This unalterable fact

19 February 2017

This unalterable fact,

a knowledge that cannot be unknown,

that one day we shall die.


And all that we do no longer

will no longer be done.


And all whom we love,

whom we cannot love beyond

will be cast out,

to wander on unknown,

through, as yet, an unknown world,

and wonder at its imperfections

and wither in time’s frightful passage.

Then alone they face and fight,

and fight the challenges they alone can fight.


Such a knowledge once known,

A dread-full, fact now known,

that cannot be shaken off

but haunts and holds

and close us off,

until our time,

our time,

has come and is

and is no more.


Such knowledge impacts all we may yet come to know,

all whom we may yet come to love,

an undercurrent to coming waves of time

Ever rolling and immersing the sands of life.


From suckling child to force-fed patient,

from first words to a sigh at the last

and in between lies all that –

while consciousness is real,

that inflicts its terrible paragraph

on chapters that charted growth,


fulfilled ambitions

and thwarted dreams.


This unalterable fact that one day

the dawn will not come,

the sun will not rise,

for night, that unconscious void,

will cast its impenetrable veil

across the light

that once gave us wonder

and as we wandered

in hope and love

a hoped for life

in all eternity. 



A Statement from the Revd Bruce Thompson, Chair of the Lincolnshire Methodist District

2 February 2017


It is becoming increasingly clear that many of the values that have underpinned Western democracies are facing their greatest challenge in decades.

Based on the Judaeo-Christian principles of hospitality to the stranger, providing refuge to the oppressed and respecting one another our nations have been havens in times of war, places where the vulnerable have been protected and where communities of diversity seen as an enrichment not a threat.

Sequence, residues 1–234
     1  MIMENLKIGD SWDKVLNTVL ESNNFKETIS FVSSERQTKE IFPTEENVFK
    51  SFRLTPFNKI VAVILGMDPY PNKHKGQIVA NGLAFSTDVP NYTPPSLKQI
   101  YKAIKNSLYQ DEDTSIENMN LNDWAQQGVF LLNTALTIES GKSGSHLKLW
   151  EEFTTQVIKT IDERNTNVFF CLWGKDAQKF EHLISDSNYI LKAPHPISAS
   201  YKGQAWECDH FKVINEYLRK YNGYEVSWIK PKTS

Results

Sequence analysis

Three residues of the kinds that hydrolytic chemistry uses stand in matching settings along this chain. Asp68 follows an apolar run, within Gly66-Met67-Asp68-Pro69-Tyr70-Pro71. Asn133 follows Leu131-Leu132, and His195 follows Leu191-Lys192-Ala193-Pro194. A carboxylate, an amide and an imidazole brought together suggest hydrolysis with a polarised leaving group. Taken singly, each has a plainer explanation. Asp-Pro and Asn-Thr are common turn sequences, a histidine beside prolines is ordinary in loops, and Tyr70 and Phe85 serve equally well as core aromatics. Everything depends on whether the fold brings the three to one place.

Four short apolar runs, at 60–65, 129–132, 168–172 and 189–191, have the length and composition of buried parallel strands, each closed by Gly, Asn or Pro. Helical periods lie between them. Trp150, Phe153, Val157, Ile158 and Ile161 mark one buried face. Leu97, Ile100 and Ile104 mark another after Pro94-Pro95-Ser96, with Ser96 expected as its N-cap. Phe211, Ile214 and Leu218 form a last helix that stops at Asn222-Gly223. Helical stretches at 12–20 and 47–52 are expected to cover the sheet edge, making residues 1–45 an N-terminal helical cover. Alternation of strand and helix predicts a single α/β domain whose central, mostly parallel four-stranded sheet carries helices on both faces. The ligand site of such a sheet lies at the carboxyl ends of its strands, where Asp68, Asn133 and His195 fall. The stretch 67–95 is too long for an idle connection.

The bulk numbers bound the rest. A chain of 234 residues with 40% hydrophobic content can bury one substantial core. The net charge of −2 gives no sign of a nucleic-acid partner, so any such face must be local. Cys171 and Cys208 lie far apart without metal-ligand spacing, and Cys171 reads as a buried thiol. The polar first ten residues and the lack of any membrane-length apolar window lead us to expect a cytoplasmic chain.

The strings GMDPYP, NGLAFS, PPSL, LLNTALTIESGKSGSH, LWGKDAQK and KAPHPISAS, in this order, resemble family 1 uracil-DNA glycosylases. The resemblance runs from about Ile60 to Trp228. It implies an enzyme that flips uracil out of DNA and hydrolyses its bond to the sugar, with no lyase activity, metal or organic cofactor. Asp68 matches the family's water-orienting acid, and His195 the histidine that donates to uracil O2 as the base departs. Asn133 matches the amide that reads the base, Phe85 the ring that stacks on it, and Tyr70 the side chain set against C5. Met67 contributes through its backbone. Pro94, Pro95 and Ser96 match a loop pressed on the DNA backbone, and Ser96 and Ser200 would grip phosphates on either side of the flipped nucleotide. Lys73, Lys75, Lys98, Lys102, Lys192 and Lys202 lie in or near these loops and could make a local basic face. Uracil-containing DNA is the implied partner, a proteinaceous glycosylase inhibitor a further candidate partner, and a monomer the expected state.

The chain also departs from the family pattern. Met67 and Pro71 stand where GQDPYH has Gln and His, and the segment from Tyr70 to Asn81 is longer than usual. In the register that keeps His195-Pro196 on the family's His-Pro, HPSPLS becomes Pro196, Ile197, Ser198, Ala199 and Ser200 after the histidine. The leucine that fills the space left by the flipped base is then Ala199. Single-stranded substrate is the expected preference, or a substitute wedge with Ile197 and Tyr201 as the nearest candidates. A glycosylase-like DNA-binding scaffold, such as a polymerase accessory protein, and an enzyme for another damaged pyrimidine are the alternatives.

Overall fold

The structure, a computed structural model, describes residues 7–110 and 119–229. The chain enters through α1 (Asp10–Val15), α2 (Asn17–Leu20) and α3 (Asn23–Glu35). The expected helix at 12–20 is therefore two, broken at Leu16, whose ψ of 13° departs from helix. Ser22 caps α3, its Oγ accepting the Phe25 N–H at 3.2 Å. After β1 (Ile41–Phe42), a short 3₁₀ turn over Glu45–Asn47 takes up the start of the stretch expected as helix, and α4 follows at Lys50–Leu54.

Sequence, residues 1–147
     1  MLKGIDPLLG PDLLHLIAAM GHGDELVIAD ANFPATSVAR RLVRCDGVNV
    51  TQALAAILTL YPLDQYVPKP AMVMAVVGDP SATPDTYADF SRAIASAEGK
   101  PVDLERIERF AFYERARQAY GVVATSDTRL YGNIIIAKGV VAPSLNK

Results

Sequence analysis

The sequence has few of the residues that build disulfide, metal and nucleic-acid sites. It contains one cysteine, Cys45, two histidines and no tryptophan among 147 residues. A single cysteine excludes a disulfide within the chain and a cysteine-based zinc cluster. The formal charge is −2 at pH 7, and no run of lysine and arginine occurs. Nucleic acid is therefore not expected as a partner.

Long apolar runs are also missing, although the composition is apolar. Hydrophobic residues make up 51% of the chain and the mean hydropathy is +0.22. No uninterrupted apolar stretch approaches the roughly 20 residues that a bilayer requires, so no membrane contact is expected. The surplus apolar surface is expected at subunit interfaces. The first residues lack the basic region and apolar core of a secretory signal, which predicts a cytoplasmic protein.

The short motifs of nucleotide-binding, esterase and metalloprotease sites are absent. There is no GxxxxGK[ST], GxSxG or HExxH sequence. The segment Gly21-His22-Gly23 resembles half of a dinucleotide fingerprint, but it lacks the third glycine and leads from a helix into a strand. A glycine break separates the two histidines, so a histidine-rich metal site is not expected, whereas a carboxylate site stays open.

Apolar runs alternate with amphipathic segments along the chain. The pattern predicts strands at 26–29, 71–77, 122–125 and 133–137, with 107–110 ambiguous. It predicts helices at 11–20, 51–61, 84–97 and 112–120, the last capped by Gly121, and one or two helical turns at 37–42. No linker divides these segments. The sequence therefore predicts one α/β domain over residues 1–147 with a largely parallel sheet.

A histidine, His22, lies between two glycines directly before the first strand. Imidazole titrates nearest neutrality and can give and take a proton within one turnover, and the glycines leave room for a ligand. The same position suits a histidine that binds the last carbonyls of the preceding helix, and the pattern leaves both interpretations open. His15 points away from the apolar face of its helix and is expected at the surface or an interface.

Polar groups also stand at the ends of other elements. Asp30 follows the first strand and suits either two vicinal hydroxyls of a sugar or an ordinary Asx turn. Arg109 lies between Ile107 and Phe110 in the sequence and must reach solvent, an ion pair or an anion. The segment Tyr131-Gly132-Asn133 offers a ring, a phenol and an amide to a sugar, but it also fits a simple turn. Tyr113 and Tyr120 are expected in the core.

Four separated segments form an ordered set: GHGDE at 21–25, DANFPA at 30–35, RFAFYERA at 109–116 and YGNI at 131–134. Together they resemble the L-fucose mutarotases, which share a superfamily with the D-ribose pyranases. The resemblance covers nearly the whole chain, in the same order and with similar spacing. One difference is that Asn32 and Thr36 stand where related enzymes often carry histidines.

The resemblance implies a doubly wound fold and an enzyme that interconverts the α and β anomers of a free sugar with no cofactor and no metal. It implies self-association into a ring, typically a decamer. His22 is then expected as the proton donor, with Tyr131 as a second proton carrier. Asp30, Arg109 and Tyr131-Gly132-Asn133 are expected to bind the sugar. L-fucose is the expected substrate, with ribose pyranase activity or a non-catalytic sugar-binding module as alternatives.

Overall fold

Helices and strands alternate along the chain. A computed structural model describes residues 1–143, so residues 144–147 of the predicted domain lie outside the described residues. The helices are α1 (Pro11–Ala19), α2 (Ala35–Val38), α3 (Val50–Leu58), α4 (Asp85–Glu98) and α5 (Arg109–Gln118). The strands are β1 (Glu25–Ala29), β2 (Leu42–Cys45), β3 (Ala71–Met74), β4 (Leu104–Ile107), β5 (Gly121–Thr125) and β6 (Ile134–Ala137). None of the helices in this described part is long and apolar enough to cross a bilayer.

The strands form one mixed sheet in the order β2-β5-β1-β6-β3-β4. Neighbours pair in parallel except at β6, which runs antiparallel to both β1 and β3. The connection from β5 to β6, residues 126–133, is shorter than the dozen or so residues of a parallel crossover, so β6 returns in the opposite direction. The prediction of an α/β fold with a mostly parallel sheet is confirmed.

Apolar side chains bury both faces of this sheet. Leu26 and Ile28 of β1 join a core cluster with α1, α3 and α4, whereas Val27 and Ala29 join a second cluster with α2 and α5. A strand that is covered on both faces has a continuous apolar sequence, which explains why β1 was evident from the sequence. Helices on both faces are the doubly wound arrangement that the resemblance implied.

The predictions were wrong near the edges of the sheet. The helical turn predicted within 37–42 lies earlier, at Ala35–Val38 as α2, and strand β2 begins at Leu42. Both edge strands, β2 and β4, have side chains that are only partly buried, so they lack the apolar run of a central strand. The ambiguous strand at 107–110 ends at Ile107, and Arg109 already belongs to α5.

All these principles had become embedded in society through selfless sacrifice over many years. They are now in danger of being lost through fear as a consequence of lies and bigotry.

The recent electoral and referenda campaigns unleashed deeply-seated prejudices. They have permitted a depth of hatred to be expressed that before only emanated from the more extreme sections of society.

Deeply held convictions are held on both sides of the argument and we are in danger of fostering divisions and wounds that will take many years to heal. Therefore there has been no greater need than today to revisit those truths that have held communities and nations together in times of crisis.

As Christians we need to honour the teaching that reminds us that a fulfilled life comes through serving God above all others, through meeting our neighbour’s needs, through loving one another and through taking a stand against any injustice. The Church has always been at its most effective when it has been true to the Gospel of Jesus Christ and when it has been a counter to populist agendas that bring chaos and suffering to so many; in short when it has been a Church of righteousness and resistance.